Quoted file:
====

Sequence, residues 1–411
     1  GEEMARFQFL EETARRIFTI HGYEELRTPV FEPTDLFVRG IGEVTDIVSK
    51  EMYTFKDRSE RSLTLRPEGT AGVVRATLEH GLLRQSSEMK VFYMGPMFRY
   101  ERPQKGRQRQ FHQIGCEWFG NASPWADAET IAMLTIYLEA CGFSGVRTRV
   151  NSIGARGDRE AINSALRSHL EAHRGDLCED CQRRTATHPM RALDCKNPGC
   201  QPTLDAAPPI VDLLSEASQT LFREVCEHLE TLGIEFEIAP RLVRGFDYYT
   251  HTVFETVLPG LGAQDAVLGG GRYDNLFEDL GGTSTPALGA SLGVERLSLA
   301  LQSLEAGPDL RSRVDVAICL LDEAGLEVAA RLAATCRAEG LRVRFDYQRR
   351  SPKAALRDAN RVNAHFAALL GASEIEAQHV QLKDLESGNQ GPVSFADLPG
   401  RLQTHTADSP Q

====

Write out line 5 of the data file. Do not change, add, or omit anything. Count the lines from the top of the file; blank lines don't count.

   151  NSIGARGDRE AINSALRSHL EAHRGDLCED CQRRTATHPM RALDCKNPGC